Monday, 1st April
Lake Panic needs very special conditions to get optimum enjoyment – dead calm air and bright light. Today the camp gates open half an hour later so at 6am and with all the conditions favourable, we head that way.
April, of course, over southern Africa is magnificent. The sting has gone out of the summer heat and the colours are richer. Lake Panic is an absolute picture as we settle into our seats. It has filled completely after remaining so low for most of last year and the water lilies cover a lot of the water. In the exquisite early morning light everything becomes a target for a photograph and I spend four very happy hours snapping away.
I see nothing at all out of the ordinary but the non-stop opportunities keep me busy. Again, I am eternally grateful that I have a hobby that entertains me so richly and that takes me to such magnificent places.
I think it would be very difficult to find someone who would not be moved by Lake Panic on a morning such as this.
It is warm by midday and the sky has a summerish look to it suggesting that a front is on its way. At 4pm we cross the Sabie and Sand rivers heading for the northern end of the Maroela Loop. After our coffee we begin our crawl homewards.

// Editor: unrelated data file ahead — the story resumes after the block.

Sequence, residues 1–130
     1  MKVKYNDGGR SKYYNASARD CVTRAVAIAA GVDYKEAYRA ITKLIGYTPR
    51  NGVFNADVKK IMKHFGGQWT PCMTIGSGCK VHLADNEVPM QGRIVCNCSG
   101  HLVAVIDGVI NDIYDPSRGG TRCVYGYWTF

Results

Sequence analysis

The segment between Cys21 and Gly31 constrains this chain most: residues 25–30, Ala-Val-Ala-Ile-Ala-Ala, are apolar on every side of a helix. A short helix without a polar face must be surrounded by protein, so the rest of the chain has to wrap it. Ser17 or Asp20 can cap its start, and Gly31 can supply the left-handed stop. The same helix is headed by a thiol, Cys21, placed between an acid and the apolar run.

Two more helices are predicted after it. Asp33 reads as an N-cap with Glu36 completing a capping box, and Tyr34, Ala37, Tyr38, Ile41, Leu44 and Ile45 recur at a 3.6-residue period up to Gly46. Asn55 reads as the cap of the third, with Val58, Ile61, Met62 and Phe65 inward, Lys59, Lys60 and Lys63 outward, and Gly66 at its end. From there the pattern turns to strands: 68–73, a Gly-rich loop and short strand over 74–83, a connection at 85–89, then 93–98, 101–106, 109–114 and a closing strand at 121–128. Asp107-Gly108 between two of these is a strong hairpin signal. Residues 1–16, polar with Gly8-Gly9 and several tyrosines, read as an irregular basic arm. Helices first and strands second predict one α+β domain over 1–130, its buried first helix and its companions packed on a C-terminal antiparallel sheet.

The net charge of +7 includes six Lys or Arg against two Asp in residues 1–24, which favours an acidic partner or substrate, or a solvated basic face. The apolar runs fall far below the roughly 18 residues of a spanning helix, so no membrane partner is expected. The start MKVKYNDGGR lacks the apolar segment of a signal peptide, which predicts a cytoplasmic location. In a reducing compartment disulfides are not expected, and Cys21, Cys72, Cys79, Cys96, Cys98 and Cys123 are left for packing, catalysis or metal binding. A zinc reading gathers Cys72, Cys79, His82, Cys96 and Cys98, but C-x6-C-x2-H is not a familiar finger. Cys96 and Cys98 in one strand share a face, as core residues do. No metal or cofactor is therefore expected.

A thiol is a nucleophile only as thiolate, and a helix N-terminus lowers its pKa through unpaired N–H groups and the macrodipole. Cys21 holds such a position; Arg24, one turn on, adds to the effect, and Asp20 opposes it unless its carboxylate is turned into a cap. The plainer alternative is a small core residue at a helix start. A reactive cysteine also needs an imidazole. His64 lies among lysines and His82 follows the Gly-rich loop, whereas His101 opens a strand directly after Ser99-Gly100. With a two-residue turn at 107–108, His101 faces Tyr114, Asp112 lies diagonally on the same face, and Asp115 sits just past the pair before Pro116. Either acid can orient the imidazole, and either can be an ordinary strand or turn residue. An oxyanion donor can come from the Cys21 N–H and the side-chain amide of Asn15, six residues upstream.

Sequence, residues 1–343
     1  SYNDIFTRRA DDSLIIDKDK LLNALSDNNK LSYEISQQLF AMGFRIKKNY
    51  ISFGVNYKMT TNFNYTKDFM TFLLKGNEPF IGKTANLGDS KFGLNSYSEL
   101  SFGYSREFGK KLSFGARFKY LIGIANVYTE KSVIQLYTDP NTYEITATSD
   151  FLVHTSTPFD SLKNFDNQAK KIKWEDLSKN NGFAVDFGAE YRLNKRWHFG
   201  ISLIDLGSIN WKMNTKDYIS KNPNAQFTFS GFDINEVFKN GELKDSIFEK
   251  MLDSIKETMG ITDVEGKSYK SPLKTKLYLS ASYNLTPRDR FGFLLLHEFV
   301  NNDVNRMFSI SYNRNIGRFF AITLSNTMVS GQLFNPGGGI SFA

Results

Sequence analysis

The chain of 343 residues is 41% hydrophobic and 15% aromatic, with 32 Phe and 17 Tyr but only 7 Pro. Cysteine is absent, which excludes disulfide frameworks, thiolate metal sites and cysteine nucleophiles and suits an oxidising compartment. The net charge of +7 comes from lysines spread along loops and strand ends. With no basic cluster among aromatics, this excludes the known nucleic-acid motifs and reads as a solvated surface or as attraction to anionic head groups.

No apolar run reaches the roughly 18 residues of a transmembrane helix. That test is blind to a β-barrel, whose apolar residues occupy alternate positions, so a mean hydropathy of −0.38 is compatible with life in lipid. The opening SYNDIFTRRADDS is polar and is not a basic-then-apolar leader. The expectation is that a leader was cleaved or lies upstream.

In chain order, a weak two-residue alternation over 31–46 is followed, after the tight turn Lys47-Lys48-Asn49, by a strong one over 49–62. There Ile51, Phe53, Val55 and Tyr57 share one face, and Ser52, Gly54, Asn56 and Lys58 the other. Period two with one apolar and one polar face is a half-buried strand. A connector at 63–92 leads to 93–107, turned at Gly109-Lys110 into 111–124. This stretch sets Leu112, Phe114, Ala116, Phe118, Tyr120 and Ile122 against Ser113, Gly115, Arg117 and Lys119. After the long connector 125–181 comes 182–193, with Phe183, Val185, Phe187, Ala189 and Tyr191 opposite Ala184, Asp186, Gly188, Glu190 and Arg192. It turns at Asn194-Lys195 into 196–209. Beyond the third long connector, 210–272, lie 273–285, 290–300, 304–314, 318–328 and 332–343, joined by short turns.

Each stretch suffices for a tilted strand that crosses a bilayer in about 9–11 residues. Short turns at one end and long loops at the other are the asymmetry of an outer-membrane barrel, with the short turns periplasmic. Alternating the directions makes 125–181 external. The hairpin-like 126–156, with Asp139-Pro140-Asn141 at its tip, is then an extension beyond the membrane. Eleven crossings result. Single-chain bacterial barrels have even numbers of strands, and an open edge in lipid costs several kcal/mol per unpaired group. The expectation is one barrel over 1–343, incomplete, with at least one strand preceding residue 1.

The Maroela Loop is an enigma. It is the most beautiful of roads with lovely trees, grass and thickets as well as impala. Everything on it screams cat but on the scores of times that I have travelled this road I have never seen a leopard and only once some lion. But I would happily travel this road every day – such is its beauty.
After drawing our usual blank we come back across the rivers pausing on the low-level Sabie bridge to take a sunset photo.
Pre-1936 Skukuza camp was called “Sabie Bridge” because of the railway bridge that still spans the river. The name “Skukuza” was the African name given to Head Park Warden, James Stevenson-Hamilton, meaning “he who sweeps clean” after he had cleared the reserve of poachers and the remaining inhabitants.
At I write this at 7pm lightning is flashing to the south – something that we have not seen for weeks.